Donal Ryan is back with book number 5 (and novel number 4), From a Low and Quiet Sea. He joined Ryan Tubridy to talk about the inspiration behind it and about his style of researching and writing a book.
With his astute observations and attention to detail, Ryan was curious to know if he drew inspiration from people watching.
"I don’t really because the thought of that it feels kind of creepy, to be honest… I often see people saying in reviews, he obviously listens very closely in the pub, but I don’t at all, I’m too busy drinking. But I do notice things, I suppose. You do, kind of, extend your empathy to a kind of unreasonable limit sometimes and you kind of pick up on things that you wouldn’t normally… I do stop actually and email myself stuff from the phone which is very handy."
Donal’s latest book follows the lives of three very different men that intersect in unexpected ways. One of the characters, Farouk, is a Syrian refugee. Donal told Ryan the story that gripped his attention and first inspired him to write on such a subject.
"I read a story in The Guardian about a doctor who had paid all of his savings to leave, I think it was Aleppo he lived in with his wife and daughter, and lost his wife and daughter on the crossing in the Mediterranean when the boat sank, because he realised halfway across when he hit bad weather and he went to talk to the crew that the boat was unmanned. There was a GPS system attached to the wheel. There was no one actually sailing the boat, and he had no idea… The boat capsized and his wife and daughter were drowned."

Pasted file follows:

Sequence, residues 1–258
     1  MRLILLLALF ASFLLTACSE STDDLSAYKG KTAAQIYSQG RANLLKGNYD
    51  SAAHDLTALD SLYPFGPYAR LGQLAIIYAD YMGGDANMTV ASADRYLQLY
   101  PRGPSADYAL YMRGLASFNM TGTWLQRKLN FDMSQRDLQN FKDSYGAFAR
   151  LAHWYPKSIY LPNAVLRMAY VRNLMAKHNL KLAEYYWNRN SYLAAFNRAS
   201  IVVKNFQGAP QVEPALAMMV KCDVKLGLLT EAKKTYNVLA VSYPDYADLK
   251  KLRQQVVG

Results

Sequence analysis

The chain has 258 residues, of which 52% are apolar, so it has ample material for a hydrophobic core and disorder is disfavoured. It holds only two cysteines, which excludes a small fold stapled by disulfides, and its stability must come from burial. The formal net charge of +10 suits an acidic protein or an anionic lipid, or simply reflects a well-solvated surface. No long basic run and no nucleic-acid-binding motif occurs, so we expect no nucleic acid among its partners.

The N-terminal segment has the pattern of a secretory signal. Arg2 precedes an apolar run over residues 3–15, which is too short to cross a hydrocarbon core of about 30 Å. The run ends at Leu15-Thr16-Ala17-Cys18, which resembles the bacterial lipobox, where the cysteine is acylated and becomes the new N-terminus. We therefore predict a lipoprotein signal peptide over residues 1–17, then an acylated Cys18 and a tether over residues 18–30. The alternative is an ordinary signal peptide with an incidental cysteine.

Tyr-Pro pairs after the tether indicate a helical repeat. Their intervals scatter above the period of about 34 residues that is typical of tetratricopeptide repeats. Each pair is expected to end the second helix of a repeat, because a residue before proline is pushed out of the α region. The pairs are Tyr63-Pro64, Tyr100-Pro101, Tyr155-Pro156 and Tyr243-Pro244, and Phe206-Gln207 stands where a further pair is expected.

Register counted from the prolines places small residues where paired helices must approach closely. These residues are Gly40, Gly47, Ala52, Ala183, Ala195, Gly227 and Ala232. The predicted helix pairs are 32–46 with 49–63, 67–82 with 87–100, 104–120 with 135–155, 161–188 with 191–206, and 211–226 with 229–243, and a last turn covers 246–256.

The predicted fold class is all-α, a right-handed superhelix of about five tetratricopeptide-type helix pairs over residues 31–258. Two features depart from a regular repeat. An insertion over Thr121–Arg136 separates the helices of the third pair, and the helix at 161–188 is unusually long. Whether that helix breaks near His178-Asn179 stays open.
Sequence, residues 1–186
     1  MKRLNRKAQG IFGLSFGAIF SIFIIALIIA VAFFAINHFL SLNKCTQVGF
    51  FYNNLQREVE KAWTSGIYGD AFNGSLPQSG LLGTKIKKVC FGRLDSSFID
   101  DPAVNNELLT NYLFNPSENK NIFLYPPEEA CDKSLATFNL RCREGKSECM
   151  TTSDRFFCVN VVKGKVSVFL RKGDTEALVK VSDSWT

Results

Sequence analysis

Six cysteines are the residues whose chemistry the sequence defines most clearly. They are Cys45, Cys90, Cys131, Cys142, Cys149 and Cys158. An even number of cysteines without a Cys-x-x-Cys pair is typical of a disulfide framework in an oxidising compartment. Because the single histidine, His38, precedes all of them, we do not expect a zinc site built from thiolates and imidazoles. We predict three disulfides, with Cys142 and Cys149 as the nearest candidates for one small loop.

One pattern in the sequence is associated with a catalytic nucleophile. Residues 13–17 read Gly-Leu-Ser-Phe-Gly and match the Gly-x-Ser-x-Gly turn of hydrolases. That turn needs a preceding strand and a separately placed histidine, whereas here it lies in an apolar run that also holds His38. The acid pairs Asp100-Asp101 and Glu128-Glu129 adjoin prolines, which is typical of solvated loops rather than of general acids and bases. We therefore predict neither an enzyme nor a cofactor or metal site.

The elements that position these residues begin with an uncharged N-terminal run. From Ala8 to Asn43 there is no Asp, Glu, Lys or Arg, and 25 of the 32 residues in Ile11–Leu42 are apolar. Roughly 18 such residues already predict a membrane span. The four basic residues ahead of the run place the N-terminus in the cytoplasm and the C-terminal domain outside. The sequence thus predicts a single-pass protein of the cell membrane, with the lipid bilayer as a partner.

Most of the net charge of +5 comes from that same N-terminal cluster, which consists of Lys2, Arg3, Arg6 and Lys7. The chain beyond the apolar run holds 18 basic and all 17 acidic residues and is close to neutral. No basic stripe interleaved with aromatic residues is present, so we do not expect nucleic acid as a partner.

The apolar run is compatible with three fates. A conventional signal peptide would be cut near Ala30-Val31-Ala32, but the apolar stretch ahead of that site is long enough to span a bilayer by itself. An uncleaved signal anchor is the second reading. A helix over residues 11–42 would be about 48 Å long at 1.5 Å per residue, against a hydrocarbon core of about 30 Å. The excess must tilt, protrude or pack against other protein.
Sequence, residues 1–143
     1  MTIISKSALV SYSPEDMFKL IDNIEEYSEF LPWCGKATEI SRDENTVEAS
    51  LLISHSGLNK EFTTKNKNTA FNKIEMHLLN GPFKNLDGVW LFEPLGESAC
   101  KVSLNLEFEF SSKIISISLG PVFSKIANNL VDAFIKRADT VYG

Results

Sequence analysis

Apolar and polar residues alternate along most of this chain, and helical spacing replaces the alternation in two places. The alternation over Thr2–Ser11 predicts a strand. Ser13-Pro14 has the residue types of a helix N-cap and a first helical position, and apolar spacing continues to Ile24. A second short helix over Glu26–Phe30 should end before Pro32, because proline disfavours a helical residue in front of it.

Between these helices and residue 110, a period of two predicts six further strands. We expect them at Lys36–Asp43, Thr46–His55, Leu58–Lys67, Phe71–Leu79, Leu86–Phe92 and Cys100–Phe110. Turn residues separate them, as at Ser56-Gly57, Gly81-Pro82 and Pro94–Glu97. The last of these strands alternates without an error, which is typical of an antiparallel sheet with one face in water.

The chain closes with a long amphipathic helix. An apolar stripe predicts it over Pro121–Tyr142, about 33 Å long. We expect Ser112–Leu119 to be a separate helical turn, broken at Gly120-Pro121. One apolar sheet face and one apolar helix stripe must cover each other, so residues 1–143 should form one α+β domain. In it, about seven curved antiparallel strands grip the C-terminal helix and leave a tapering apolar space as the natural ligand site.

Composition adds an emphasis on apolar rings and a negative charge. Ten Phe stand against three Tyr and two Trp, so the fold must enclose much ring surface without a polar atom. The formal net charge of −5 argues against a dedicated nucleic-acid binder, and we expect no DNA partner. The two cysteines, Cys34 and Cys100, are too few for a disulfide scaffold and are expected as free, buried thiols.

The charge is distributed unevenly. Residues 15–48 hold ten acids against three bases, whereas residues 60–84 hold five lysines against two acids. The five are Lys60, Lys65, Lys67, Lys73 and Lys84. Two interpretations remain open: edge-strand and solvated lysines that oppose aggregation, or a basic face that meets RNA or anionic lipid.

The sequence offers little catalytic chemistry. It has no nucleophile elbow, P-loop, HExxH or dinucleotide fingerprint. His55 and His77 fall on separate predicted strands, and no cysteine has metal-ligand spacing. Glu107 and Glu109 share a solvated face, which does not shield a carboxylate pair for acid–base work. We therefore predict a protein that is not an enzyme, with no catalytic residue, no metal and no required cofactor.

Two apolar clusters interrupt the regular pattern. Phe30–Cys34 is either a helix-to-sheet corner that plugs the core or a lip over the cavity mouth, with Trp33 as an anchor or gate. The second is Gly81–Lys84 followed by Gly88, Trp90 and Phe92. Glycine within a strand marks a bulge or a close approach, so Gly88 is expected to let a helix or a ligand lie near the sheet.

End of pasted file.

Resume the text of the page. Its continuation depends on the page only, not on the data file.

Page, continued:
Seeing so many such stories in the news, Donal says he felt "kind of an obligation" to bring such stories into the public eye in an empathetic and fleshed-out manner.
"I felt like this was the right story to write at that time. I felt as though it could do some good. Now, I’m not saying I’ve got this altruistic bent when it comes to fiction, I don’t, but it just felt like a story I had to write. The story in the newspapers seemed perfunctory. It seemed just a presentation of facts: 'This happened to this man...' You know, there was no feel of the massive, unbelievable loss he had suffered."